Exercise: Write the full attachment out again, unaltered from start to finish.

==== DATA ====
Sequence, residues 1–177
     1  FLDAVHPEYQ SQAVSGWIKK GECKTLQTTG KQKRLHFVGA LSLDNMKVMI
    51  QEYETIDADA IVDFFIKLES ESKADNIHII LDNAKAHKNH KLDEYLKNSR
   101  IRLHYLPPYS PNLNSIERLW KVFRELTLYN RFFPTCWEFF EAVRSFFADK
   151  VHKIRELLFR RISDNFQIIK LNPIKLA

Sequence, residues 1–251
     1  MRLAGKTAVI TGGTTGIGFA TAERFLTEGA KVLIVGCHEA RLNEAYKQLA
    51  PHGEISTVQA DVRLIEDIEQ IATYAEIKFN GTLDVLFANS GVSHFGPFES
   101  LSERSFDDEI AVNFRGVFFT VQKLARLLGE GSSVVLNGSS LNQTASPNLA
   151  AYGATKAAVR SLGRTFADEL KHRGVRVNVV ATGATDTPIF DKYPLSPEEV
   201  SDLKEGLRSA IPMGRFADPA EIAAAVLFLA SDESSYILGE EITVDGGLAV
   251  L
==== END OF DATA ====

Sequence, residues 1–177
     1  FLDAVHPEYQ SQAVSGWIKK GECKTLQTTG KQKRLHFVGA LSLDNMKVMI
    51  QEYETIDADA IVDFFIKLES ESKADNIHII LDNAKAHKNH KLDEYLKNSR
   101  IRLHYLPPYS PNLNSIERLW KVFRELTLYN RFFPTCWEFF EAVRSFFADK
   151  VHKIRELLFR RISDNFQIIK LNPIKLA

Sequence, residues 1–251
     1  MRLAGKTAVI TGGTTGIGFA TAERFLTEGA KVLIVGCHEA RLNEAYKQLA
    51  PHGEISTVQA DVRLIEDIEQ IATYAEIKFN GTLDVLFANS GVSHFGPFES
   101  LSERSFDDEI AVNFRGVFFT VQKLARLLGE GSSVVLNGSS LNQTASPNLA
   151  AYGATKAAVR SLGRTFADEL KHRGVRVNVV ATGATDTPIF DKYPLSPEEV
   201  SDLKEGLRSA IPMGRFADPA EIAAAVLFLA SDESSYILGE EITVDGGLAV
   251  L